The interview process is a way for the employer and the potential employee to get to know each other, as well as help both parties determine if they’re a good fit for one another.
So, what is it like to interview for a geriatric nurse position?
When joining a health care profession, geriatric nursing is no exception to interviewing for a position. Schedule your interview as soon as possible.
Geriatric nursing requires specific training and certifications, as well as strong communication and interpersonal skills.
Employers tend to hire those who are able to show that they possess these qualities, even during the recruitment process.
Be prepared with an outline of your qualifications, knowledge base, and certifications to discuss with the interviewer.
When getting asked various interview questions for geriatric nurses, be prepared to clearly state your answers.
You might have a few talking points you’d like to cover throughout the interview process with an employer, so prepare accordingly.
It’s important to know how these different types of nursing positions align with your career goals and personality traits.
Going into the interview with that knowledge can help you establish rapport with the interviewer.
Keep in mind that potential employers will evaluate your appearance, too.
Despite any formal attire you put on for the interview, be sure to showcase a professional style.
All the above is to help you ensure a smooth interview process for yourself, and a chance at a successful career.
So, what are some of the interview questions for geriatric nurses?
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The Most Common Interview Questions for Geriatric Nurses
When shortlisted for a job as a geriatric nurse, there are certain questions you can expect from the interviewer.
There are so many possible questions the panel could ask.
The following 10 common interview questions will familiarize you with the types of things that might be brought up at the interview.
1.Tell us about yourself
In this interview question, the interviewer will often ask you to speak very briefly about your life background and career goals.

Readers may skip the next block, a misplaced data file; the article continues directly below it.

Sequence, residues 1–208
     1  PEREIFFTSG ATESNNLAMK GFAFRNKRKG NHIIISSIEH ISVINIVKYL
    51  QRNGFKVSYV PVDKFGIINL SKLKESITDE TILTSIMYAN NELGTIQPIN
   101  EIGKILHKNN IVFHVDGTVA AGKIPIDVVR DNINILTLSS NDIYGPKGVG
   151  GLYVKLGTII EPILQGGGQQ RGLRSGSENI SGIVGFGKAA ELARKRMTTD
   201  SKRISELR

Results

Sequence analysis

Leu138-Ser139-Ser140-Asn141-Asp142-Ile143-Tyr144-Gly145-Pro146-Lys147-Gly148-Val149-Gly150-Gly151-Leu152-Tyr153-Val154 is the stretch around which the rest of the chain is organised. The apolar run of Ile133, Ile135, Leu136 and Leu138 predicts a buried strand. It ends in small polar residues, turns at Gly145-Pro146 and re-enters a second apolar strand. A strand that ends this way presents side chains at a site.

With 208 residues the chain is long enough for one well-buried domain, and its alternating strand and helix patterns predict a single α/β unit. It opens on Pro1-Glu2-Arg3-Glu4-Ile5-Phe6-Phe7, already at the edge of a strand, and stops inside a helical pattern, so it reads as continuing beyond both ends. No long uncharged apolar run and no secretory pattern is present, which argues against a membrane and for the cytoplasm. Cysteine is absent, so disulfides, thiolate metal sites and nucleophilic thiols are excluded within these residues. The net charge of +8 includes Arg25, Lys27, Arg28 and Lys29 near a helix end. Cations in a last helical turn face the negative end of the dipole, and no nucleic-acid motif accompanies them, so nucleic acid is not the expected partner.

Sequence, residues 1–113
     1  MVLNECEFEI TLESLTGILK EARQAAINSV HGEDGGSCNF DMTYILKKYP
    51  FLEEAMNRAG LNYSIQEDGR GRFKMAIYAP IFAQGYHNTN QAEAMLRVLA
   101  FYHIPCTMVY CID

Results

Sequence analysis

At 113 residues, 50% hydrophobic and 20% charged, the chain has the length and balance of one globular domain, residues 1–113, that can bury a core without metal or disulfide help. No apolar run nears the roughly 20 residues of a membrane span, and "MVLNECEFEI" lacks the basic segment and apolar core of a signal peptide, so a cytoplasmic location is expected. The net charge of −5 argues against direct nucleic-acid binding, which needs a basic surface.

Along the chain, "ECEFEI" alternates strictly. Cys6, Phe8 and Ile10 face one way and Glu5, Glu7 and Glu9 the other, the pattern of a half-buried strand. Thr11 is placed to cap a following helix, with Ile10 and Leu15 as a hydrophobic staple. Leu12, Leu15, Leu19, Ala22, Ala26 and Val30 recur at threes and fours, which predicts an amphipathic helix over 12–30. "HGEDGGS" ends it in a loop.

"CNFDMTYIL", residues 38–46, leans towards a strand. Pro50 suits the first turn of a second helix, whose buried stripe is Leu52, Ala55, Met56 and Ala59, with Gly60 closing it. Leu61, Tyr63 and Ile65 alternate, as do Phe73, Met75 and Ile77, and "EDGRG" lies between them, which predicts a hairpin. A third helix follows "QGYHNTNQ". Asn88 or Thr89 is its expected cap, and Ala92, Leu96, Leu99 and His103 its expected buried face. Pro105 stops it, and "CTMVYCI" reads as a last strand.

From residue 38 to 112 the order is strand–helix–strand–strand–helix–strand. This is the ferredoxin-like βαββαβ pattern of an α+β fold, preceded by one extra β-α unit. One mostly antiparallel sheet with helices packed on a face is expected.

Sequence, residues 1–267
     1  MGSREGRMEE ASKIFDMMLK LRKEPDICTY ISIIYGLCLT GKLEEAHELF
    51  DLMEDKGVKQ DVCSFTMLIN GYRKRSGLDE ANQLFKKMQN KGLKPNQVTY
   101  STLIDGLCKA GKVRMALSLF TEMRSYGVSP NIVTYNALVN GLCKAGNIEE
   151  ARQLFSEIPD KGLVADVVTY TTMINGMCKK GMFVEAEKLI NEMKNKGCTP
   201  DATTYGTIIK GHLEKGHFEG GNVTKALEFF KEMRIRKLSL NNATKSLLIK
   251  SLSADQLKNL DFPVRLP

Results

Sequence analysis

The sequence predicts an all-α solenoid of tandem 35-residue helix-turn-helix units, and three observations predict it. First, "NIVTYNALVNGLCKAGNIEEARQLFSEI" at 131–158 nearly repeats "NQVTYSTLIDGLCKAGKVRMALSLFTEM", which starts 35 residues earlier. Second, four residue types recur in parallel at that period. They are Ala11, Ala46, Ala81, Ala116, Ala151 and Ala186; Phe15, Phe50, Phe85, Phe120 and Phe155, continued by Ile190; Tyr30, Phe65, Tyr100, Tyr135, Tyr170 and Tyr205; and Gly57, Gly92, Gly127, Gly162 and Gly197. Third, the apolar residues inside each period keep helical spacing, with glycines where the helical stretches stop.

See also: SMART Goals for Nursing
Some have even been asked to talk about their family before moving on to discuss their professional experience.
This is a good way for an employer to get a better idea of what you’re looking for in a job going forward.
I’m a native New Yorker.
I grew up in the Bronx and graduated from Ramapo College of New Jersey with a degree in psychology, before going on to get my nursing certificate from Mercy Hospital School of Nursing.
I’ve worked at Mercy Hospital in Southside for 12 years now.
My first two years were spent in pediatrics, but I’ve been in the geriatric unit for over ten years now.
Taking care of seniors is really important to me, and I’d like to work with more patients in that area.
2. What is your greatest strength?
This interview question for geriatric nurses acts as an opportunity for you to highlight your skillset and show why you’re a good fit for the job.
It’s also important to mention that employers love knowing what your weaknesses are, too.
This helps them determine if you can be coached on how to improve.
If not, they might take it as an indication that you lack the capability to grow with the company over time.
I’d say that my greatest strength would be my knowledge base and expertise in medicine.